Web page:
Submitted by Brett of Contrary InvestingHugh Hendry Channels Irony and Paradox in His Latest Financial Outlook
Yesterday I had the great honour and opportunity to sit courtside for a live one-hour presentation from our favourite contrarian, irreverent hedge fund manager – Hugh Hendry himself. What a thrill!
Hendry, as you may know, is partner and Chief Investment Officer at Eclectica Asset Management. While his claims to fame are numerous, his two most notable (for those getting to know him for the first time) are:
- A 31.2% *positive* return in 2008 Some truly hysterical TV clips (See: Hugh Hendry’s Greatest Hits for four minutes of financial bliss)
- A 31.2% *positive* return in 2008
- Some truly hysterical TV clips (See: Hugh Hendry’s Greatest Hits for four minutes of financial bliss)
Hendry is a big favourite of ours at ContraryInvesting.com. I also just learned that he was “The Plasticine Macro Chapter” interviewed (at the time) anonymously by Steven Drobny in his excellent recent book Invisible Hands: Top Hedge Fund Traders on Bubbles, Crashes, and Real Money – which profiles a select group of hedge fund managers (all “off the record”) that made money in 2008.
I went back and re-read this chapter the night before Hendry’s preso, to re-familiarise myself with his investing/trading philosophy.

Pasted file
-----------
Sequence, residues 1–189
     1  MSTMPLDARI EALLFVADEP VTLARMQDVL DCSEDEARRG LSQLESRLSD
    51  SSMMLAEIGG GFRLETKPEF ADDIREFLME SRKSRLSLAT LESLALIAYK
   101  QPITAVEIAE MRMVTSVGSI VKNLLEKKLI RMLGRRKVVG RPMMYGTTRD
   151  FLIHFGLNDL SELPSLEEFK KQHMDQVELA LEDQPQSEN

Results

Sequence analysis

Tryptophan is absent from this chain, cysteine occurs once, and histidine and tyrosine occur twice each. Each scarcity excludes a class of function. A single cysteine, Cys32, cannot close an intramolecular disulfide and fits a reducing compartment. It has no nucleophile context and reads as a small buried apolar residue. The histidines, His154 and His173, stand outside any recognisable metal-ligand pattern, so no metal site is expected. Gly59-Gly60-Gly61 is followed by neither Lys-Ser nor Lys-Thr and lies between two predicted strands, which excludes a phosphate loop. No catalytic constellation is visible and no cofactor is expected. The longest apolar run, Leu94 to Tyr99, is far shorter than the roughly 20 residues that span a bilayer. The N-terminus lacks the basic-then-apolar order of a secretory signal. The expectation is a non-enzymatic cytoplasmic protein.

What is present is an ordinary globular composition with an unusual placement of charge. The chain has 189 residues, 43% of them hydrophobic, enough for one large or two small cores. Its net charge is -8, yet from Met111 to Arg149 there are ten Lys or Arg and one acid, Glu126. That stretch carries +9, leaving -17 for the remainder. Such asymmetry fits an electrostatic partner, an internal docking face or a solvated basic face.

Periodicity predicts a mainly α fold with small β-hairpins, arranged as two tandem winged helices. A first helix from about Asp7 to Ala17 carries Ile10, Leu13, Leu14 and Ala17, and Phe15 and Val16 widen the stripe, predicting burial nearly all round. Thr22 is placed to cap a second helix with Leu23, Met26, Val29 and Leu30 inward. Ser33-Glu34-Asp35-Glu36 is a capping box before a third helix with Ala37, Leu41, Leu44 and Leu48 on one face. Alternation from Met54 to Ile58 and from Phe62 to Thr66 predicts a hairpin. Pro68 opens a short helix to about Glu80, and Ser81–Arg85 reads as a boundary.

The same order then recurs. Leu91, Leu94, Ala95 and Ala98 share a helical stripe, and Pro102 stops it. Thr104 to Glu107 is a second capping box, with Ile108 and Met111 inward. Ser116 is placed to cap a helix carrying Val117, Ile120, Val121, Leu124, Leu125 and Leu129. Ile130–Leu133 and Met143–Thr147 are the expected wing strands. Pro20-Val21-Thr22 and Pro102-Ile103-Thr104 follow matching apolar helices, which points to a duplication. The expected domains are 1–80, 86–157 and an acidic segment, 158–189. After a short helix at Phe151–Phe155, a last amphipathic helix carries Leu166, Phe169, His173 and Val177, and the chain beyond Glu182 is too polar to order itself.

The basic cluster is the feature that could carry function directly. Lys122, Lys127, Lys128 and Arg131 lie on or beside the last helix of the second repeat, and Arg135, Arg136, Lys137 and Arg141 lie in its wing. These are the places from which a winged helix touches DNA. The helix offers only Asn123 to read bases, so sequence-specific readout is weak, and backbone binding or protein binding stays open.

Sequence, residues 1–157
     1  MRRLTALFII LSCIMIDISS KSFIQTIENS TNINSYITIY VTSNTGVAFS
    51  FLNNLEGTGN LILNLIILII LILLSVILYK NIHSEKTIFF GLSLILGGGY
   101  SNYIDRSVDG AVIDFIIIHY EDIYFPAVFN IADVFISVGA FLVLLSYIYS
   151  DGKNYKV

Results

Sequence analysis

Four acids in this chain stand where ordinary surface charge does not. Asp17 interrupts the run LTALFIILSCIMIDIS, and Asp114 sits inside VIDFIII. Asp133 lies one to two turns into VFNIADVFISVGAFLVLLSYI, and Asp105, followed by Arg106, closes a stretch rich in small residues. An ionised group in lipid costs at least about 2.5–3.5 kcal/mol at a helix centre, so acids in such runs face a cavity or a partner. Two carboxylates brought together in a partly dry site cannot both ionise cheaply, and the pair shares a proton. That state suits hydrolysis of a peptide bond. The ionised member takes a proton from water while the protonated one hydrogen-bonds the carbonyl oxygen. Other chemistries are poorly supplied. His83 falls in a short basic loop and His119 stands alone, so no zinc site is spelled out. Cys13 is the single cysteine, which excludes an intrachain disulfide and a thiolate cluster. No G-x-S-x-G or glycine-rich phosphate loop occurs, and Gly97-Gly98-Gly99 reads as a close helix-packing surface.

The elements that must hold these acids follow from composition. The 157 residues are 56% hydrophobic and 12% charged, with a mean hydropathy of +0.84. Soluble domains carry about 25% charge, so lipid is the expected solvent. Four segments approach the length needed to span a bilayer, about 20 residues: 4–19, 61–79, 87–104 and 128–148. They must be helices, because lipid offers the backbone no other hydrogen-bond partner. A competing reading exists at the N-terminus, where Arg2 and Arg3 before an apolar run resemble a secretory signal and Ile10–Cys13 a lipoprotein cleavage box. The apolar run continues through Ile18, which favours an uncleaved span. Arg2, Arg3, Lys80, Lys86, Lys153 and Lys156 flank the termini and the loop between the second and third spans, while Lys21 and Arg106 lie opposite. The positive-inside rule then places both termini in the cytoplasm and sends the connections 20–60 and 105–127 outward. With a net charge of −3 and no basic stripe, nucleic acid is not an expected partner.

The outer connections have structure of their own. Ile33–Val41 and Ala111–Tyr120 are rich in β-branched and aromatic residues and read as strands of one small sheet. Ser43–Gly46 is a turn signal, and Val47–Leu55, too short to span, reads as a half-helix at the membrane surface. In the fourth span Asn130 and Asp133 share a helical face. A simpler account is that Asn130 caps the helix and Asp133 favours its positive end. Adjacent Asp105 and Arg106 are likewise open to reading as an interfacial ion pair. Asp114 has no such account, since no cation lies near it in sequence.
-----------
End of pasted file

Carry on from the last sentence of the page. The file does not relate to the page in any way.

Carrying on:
Hendry electrifies his Sacramento audience.
The Power of Irony and Paradox
Rather than trying to compete pure “intellect-for-intellect” with the likes of George Soros, Julian Robertson, and the other great minds of the hedge fund world, Henry instead relies upon what he calls “the power of irony and paradox” to foil the logically minded and deliver his superior returns.
In other words, he bets on strange events happening – those not anticipated by the mainstream.
This strategy paid off in a big way in 2008, when his out-of-the-money options hit big, and his fund returned 31.2%. It has tended to underperform, though, when (to paraphrase Hendry) “bad stuff doesn’t happen.” Fortunately for Eclectica investors, he sees a bad moon rising once again.
Why China is Not 19th Century America
While many economic observers have drawn an analogy between China’s ongoing industrialisation and that of America’s, Hendry sees a critical difference.
In the US, he says, capital has always been allocated where it could achieve the highest return. In the 19th century, when America was the economic upstart on the block, it was also on the gold standard. Which is very important, according to Hendry, because it allotted entrepreneurs one – and only one – chance to succeed. It was not a time of bailouts and multiple bankruptcies!